The Department of Veterans Affairs had provided special compensation for those who have become ill due to dioxin. Veterans who have chloracne, Hodgkin's disease, multiple myeloma, non-Hodgkin's lymphoma, porphyria cutanea tarda, respiratory cancers, soft tissue sarcoma, acute and subacute peripheral neuropathy and prostate cancer could qualify for monthly payments. The VA does not require that veterans prove that they were harmed by dioxin. It is assumed all personnel who served in Vietnam have been exposed to it (1).

Unlike their American counterparts, Vietnamese victims were exposed to dioxin on a long term basis. It is believed that the chemicals remained on the ground for 12 years. Each year, monsoon rains would spread the chemicals to uncontaminated areas by flushing it into streams and rivers. Many health experts believe that dioxin is in the food chain of southern Vietnam. It is carried in drinking water or by the fish caught in contaminated streams. But relatively little is known about the effects of dioxin on the villagers that were sprayed on. In part, this is due to their isolation from local authorities and hospitals.

Perhaps the most extensive long-term damage of dioxin was done to the second generation victims. It has been found that Vietnam veterans generally have lower sperm counts than those who didn't serve in Vietnam. In addition, their children have been more prone to birth defects pertaining to the skin, nervous system, heart, kidneys and oral clefts. Sudden Infant Death Syndrome is four times more likely in those born to Vietnam vets.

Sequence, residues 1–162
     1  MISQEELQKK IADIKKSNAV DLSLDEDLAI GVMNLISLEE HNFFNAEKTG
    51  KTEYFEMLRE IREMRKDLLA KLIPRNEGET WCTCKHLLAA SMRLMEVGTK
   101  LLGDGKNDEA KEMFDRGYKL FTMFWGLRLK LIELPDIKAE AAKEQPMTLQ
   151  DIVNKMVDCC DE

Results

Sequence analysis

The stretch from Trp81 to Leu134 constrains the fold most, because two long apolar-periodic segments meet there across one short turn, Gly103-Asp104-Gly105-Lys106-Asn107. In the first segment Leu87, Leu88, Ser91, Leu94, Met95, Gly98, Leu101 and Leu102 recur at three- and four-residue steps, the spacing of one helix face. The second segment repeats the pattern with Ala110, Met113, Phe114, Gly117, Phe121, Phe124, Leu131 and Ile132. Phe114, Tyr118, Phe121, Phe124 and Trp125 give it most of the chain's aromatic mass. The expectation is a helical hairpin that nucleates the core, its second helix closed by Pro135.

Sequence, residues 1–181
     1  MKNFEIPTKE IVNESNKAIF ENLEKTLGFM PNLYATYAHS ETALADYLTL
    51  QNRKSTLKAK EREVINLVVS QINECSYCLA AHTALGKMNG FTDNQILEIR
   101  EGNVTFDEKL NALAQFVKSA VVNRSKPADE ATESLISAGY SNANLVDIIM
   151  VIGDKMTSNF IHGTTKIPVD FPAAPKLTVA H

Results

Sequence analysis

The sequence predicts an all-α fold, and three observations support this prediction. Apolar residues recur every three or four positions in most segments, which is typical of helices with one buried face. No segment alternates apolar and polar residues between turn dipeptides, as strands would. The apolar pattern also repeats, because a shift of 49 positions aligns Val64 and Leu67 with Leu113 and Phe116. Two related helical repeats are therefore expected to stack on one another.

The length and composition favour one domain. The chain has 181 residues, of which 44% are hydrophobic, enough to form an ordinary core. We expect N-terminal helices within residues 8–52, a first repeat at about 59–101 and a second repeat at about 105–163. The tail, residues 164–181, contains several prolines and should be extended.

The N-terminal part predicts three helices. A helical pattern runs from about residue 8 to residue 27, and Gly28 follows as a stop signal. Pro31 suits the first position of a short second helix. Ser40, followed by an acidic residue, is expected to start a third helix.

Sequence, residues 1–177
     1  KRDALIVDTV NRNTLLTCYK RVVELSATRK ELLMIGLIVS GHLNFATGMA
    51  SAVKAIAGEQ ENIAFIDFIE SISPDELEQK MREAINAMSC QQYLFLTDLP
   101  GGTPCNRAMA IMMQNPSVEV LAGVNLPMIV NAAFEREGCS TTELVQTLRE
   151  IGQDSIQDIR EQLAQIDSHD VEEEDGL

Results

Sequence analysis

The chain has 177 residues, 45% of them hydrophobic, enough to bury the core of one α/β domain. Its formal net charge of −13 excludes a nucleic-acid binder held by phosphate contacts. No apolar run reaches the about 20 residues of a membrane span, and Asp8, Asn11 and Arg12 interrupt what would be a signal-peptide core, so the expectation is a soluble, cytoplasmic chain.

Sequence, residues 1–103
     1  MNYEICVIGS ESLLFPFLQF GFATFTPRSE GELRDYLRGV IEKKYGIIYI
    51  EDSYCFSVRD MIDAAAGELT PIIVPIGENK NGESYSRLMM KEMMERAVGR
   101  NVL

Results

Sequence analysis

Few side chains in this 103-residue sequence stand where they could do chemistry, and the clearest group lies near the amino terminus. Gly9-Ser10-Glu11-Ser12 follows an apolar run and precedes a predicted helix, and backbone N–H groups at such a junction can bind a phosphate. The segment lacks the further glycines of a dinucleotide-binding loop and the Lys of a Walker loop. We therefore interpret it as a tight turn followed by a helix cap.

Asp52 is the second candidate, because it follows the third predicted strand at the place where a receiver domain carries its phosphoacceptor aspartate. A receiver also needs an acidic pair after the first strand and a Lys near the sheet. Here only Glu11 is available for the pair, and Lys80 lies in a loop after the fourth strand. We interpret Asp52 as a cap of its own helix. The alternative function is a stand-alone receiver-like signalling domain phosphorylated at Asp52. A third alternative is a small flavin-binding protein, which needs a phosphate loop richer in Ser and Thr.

Difficult and premature births are a commonality at the Tu Du Obstetrical and Gynecological Hospital in Vietnam, which receives the bulk of the patients who received the largest amounts of defoliants in Vietnam. A hospital study in 1987 found that 30% of the 17,000 babies delivered at the hospital were either difficult of premature (3). The comparative rates of all south Vietnam is 10% and for the whole country, it is 8%.

Instances of birth defects are also extremely high at the hospital. Here, infants born without arms, legs, shoulders, and ears have all been found. Others have been born with gross cleft palates or were hydrocephalic. In 1987 alone, 40 infants suffered from neural tube defects, 40 from cleft palates, and 32 from malformation or absence of arms and legs. Every year since 1975, the hospital has been the site of 5 or more Siamese twins. Physicians at the hospital report that a deformed fetus is delivered every 2-3 days (3). A room at the hospital contains jars which store aborted and full fetuses with atrocious genetic defects. For us, they are reminders of what happens when one tinkers with mother nature.




(3) Residual Dioxin in Viet Nam

(4) AGENT ORANGE by L. Vancil